Zemaitis built guitars with glued set necks, but Ronnie requested that this guitar be built with a bolt-on neck. Zemaitis built the guitar with a set neck anyway, adding a neck plate with bolts to visually accommodate Ronnie’s request. Zemaitis also added a smiling skull to the neck plate to make a joke out of it.

Keith Richards’ 1954 Fender Telecaster – “Micawber”
When Keith first acquired the guitar it had a stock single-coil Telecaster pickup in the neck position. He has since modified the guitar with a neck humbucker. Keith has used Micawber for countless recording sessions and live shows, and it’s still one of his go-to guitars. The finish on the top bout has been worn away by Keith’s years of strumming with his pick. Note that the black inlay dot on the 17th fret is missing. The original tuners are long gone, replaced by a set of modern Sperzel locking tuners.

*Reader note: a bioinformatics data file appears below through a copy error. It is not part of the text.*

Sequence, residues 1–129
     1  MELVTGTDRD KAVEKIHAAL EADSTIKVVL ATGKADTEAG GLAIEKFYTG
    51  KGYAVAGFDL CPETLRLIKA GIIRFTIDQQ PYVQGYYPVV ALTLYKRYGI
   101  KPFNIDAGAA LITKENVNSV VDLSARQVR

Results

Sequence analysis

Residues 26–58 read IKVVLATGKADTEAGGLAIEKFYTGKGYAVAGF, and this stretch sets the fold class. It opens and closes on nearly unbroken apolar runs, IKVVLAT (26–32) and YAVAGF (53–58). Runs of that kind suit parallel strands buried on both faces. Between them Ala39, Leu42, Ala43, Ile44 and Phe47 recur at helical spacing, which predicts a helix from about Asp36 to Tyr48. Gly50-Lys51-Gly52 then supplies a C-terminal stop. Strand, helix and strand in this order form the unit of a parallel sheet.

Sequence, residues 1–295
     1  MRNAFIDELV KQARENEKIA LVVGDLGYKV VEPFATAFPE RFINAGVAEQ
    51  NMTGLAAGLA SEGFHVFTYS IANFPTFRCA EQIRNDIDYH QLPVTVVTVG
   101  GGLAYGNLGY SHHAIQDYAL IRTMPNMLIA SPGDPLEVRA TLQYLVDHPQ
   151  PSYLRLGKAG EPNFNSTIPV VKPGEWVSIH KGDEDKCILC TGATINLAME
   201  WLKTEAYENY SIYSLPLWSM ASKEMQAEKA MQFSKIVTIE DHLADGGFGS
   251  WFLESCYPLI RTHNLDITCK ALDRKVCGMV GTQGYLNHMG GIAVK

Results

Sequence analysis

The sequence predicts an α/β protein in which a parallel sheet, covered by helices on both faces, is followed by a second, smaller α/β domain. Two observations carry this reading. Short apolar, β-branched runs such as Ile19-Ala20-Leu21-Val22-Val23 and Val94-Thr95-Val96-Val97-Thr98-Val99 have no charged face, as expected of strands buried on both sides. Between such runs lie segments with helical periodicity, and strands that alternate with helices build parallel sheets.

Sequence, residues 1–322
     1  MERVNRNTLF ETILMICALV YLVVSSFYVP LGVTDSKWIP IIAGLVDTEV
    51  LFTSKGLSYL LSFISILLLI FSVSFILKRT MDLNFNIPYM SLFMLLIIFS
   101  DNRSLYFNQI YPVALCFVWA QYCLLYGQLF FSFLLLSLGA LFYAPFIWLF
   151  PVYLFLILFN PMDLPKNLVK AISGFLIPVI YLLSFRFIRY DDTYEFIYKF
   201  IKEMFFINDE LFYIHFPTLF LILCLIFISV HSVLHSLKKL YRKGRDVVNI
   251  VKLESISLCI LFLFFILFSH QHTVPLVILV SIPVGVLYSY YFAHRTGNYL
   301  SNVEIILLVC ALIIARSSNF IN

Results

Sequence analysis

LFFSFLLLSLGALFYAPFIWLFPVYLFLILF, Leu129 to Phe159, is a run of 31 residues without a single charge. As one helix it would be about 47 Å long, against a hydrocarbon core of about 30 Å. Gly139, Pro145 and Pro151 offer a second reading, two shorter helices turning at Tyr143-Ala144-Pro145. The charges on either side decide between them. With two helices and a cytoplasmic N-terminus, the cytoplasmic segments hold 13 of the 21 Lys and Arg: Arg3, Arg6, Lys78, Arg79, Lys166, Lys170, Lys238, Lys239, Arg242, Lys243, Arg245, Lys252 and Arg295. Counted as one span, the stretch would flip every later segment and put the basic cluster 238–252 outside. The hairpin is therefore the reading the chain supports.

Keith later had the original Fender bridge replaced with an aftermarket solid brass bridge. The bridge saddle for the sixth string has been removed because the guitar is set up as a five-string in an open tuning. The Telecaster bridge pickup had also been replaced with a Fender lap steel pickup. Notice that the pickup is held in with only two screws.

Bill Wyman’s Framus 51/50 Star Bass De Luxe
Bill Wyman nicknamed this bass the “Humbug” bass because its wood stripes looked like a popular striped English candy of that name. The hollowbody bass was like Bill’s first Framus bass, with the same pickup configuration but with a smaller body and no f-holes.